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A Solution for Transnational Labour Regulation?

Company Internationalization and European Works Councils in the Automotive Sector

Axel Hauser-Ditz, Markus Hertwig, Ludger Pries and Luitpold Rampeltshammer

This book examines the role that European employee representatives play in the restructuring of firms. In a globalized economy, company internationalization and transnational restructuring are of growing concern for employees and trade unions. In the European Union, the still rather new institution of European works councils provides basic rights for employees. Using examples of eight large automotive manufacturers like Volkswagen, GM or Toyota, the volume analyzes the internationalization strategies of the companies and the effects of European works councils, pointing to a high degree of variation in strategies and effectiveness of cross-border employee representation.
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Chapter 8: Honda

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Chapter 8:  Honda

8.1  The Honda Motor Company Ltd and Honda Europe

Honda is seen as a special case even amongst other Japanese automotive companies (Shimokawa, 2003). The company is notable for its unique corporate culture, which continues to embody the spirit of its founders, and a long-standing commitment to technical innovation. Studies of Honda have noted the particularly crucial roles of the company founder, Soichiro Honda, who began as an engineer and enjoyed success in implementing a number of adventurous technologies, and his head of finance, Takeo Fujisawa (see, for example, Shimokawa, 2003: 163). The company culture, which both of these individuals enshrined and which represents an important element in the Honda Production System (HPS), is strongly marked by its entrepreneurial spirit, rejection of conventional solutions and imitating the status quo, and organisational flexibility and innovation. The HPS remains anchored in innovative products and flexible mass production (Luethge and Byosière, 2009; see also Mair, 1998: 100).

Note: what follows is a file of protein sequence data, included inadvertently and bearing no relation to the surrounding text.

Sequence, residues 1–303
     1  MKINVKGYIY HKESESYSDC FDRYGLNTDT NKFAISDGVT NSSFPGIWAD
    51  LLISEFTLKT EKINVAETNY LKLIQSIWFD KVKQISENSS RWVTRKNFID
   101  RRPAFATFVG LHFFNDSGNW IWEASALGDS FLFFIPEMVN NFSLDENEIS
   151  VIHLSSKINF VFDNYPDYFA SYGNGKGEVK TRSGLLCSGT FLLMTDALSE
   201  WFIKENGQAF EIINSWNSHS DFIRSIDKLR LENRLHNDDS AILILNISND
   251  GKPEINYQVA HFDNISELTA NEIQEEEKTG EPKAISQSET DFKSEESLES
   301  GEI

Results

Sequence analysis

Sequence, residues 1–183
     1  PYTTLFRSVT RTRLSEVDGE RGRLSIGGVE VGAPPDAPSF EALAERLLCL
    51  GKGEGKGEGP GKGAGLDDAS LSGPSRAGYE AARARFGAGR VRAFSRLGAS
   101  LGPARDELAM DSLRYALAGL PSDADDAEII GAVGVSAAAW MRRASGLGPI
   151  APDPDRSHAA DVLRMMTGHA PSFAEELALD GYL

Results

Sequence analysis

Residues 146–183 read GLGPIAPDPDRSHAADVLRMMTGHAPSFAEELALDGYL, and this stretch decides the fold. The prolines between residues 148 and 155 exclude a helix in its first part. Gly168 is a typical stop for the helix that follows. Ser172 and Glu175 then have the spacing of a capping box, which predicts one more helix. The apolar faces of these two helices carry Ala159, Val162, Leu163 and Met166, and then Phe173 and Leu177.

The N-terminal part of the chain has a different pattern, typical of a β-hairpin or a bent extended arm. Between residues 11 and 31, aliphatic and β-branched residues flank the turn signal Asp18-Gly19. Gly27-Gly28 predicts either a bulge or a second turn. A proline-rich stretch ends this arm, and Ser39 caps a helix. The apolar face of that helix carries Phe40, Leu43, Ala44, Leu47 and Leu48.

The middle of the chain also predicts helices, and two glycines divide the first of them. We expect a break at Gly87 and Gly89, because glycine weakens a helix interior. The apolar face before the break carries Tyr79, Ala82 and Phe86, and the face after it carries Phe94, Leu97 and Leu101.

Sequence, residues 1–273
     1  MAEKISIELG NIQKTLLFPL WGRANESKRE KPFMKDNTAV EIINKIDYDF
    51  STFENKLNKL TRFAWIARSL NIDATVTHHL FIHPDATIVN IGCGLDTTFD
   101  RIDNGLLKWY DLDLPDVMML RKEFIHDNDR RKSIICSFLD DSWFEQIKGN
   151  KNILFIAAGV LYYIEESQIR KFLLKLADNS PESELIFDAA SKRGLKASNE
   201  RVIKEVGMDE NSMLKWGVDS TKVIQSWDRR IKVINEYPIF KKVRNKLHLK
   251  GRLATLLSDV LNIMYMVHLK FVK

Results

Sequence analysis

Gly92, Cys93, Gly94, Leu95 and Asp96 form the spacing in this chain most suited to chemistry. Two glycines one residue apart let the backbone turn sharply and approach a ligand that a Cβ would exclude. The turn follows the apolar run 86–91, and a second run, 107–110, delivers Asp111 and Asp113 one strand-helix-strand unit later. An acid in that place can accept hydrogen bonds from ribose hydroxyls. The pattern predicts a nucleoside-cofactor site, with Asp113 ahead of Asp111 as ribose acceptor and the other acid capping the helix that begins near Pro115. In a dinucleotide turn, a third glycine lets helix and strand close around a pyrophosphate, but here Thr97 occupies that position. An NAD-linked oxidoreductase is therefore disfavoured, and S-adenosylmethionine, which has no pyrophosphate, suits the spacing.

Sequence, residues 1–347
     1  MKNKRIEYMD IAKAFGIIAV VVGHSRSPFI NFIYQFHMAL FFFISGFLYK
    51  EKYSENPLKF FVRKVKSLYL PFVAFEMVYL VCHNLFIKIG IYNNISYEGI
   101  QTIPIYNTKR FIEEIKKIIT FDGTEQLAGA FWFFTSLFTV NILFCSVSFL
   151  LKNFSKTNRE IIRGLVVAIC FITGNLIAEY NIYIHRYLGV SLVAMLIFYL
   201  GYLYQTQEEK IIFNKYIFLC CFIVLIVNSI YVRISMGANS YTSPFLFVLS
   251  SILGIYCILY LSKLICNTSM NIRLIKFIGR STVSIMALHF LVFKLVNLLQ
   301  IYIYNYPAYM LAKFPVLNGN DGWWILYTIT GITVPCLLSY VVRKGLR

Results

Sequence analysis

In 2008 the Honda group consisted of three segments as well the cars division. These were motorcycles, financial services, and power products.148 The company operates through a matrix structure with a functional and regional division, based on six geographical clusters (Japan, North America, Latin America, Europe/Middle East and South Asia/Africa, Asia/Oceania and China). In addition to the four product divisions there are also units for customer service, procurement and production. Shares in the company are dispersed, with no single large-scale shareholders. The...

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